Chiral phenomena are widely known. Many pharmaceutical and bioactive compounds are racemic mixtures with chiral isomers having nearly identical physical and chemical properties. They have different levels of biological activity,toxicity and metabolic mechanisms. The enantiomers have been characterized either directly,or indirectly,using different analytical techniques [1, 2, 3].
The determinating recognition of enantiomers by chiral high performance liquid chromatography (HPLC) has proven to be the most usefulmethod for the analysis of numerous chiral substances . Stereo speciﬁcity has been achieved in the ligand-exchange mode by adding chiral reagents directly into the HPLC mobile phase or incorporation into the stationary phase. The a-amino acid may be used as a ligand agent and Cu2+ as a ligand ion .
Optical methodologies,especially those that are based on UV and visible spectroscopic techniques,have drawn substantial interests of researchers owing to their advantageous features including simplicity,low cost,high sensitivity,adaptation to automation and real-time analysis,and diverse signal output modes . Optical enantio-sensing has recently emerged as a less labor intensive alternative to chromatographic and optical rotation methods for the assessment of the enantiopurity of a variety of substrate classes [7, 8].
Mandelic acid is an important pharmaceutical intermediate which can be used as a raw material for producing angiotenic agents,including cyclandelate,hydrobenzole and pemoline, bactericide,antispasmodic medications,and so on. Thus,the recognition of the mandelic acid enantiomers is necessary to meet the increasing demands for evaluation of the pharmacokinetic attributes of each enantiomer and to control the enantiomeric purity of pharmaceutical preparations. Several techniques have been proposed for the determination of mandelic acid including nuclearmagnetic resonance spectroscopy ,ﬂuorescence [10, 11], potentiometry ,capillary electrophoresis  and HPLC . However,these methods are usually time-consuming and quite expensive as a result of the requirements for sophisticated instrumentation. Therefore,simple,inexpensive,and convenient techniques for this purpose are still in demand.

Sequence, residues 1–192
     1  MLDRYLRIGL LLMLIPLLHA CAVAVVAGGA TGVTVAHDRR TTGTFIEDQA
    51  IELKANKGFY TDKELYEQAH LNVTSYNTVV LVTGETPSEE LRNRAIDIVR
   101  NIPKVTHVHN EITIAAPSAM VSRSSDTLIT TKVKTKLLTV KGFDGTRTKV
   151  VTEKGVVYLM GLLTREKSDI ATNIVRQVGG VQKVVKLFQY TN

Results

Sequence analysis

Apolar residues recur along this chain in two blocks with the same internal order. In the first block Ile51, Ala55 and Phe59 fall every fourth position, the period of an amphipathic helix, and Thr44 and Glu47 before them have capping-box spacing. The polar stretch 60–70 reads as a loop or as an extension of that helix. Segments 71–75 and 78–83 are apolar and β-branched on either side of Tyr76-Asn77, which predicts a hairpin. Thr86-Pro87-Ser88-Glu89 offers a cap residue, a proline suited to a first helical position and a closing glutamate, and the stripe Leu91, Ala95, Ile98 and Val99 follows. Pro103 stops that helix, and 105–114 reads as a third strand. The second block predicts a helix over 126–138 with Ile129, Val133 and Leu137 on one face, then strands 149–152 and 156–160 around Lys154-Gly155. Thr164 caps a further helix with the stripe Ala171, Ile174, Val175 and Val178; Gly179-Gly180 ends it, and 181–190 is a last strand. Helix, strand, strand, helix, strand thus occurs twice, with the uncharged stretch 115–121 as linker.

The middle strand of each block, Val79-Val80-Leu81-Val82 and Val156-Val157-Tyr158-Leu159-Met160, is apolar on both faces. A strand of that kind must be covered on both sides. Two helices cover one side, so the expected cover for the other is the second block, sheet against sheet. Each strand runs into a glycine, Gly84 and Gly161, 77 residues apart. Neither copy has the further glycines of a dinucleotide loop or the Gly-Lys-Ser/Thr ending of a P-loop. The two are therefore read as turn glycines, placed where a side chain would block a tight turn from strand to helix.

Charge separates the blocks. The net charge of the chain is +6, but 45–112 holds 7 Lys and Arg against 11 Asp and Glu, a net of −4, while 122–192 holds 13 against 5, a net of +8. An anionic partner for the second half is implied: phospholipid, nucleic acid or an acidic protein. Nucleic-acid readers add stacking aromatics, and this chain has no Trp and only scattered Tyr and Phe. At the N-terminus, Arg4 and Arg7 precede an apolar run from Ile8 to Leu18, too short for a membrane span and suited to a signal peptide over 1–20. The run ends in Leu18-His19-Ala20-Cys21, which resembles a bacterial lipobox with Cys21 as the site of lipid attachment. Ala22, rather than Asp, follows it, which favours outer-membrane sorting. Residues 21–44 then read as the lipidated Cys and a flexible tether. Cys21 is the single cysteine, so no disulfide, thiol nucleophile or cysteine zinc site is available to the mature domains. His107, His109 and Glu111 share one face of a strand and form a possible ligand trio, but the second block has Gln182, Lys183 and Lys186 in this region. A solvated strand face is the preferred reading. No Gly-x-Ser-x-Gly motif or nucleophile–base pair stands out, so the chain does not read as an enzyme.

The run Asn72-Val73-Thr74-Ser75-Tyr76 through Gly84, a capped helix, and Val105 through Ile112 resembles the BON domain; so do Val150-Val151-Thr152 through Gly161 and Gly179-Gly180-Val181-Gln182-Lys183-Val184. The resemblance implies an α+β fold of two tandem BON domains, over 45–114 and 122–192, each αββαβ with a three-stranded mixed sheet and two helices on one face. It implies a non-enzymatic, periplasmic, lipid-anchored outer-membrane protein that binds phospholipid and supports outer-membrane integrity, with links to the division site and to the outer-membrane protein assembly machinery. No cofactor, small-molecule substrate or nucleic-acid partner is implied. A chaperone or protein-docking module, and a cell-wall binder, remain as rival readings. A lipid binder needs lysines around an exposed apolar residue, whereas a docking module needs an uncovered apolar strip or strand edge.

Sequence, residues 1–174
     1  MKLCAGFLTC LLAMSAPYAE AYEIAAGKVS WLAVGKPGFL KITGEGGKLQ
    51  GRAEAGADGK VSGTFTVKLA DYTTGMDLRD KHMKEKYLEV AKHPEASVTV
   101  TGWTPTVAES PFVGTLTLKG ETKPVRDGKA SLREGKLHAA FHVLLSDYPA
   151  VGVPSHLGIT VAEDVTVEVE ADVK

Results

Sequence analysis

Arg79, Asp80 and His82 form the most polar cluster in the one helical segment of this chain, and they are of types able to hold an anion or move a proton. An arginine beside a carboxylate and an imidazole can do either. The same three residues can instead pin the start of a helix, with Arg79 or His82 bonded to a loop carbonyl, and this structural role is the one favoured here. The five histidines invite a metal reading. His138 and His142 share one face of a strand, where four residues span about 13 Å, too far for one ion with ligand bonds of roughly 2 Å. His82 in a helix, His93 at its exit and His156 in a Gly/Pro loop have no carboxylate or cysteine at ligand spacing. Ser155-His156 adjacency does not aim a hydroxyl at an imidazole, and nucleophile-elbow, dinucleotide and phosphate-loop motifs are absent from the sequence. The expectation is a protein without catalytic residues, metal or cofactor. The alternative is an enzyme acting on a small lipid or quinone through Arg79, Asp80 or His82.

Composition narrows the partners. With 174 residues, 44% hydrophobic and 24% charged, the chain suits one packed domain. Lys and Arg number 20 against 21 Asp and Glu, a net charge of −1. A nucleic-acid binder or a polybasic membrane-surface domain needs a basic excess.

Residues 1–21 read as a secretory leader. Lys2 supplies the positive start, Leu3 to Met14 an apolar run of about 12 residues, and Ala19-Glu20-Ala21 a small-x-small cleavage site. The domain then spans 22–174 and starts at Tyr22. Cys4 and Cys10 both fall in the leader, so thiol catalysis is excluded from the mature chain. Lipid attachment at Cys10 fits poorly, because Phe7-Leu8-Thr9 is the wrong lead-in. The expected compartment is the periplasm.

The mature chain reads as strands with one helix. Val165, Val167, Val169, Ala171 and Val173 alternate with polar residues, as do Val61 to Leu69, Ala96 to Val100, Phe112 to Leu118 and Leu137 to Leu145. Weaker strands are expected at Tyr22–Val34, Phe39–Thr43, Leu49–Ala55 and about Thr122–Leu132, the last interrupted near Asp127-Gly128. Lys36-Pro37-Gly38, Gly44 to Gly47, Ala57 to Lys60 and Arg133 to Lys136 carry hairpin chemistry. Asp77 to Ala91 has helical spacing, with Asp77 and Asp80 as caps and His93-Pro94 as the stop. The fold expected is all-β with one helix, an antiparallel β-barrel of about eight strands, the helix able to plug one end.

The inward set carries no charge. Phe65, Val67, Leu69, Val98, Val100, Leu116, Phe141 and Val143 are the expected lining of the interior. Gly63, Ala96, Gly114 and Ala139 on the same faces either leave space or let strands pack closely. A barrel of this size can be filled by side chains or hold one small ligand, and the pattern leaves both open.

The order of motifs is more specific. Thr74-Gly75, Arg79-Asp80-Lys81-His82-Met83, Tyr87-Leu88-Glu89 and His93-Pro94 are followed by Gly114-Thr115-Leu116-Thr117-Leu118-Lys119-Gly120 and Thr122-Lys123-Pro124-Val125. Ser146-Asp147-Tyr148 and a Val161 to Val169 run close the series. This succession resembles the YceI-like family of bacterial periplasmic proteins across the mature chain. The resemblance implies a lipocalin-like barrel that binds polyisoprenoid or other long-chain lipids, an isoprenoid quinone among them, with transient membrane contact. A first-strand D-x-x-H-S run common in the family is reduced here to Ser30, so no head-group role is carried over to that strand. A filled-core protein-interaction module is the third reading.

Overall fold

The indicator displacement assay is a typical competitive binding assay constituting a receptor and a signaling unit that also serves as a surrogate substrate [15, 16]. The signaling unit possesses an easily observable and quantiﬁable property which is modulated in response to competitive binding with an analyte. In this study,the enantioselective association event between the L-Proline-Cu(II) receptor and mandelic acid is exploited to develop an enantioselective indicator displacement assay with the colorimetric indicator pyrocatechol violet (PV). The two coordina- tion sites on Cu(II) are expected to undergo fast and reversible ligand exchange to afford competitive metal coordination for the enantiomeric excess (ee) determination of mandelic acid. This is ﬁrst report of the enantiodiscrimination of mandelic acid by an indicator displacement assay which combines the convenient technique of spectroscopy and the enantioselectivity offered by chiral ligand-exchange HPLC. The chiral receptor,L-Proline,is readily available and the method possesses many advantages such as a lowprice of the receptor L-Proline,simplicity of operation,high sensitivity of determination,inexpensive apparatus,etc.2. Experimental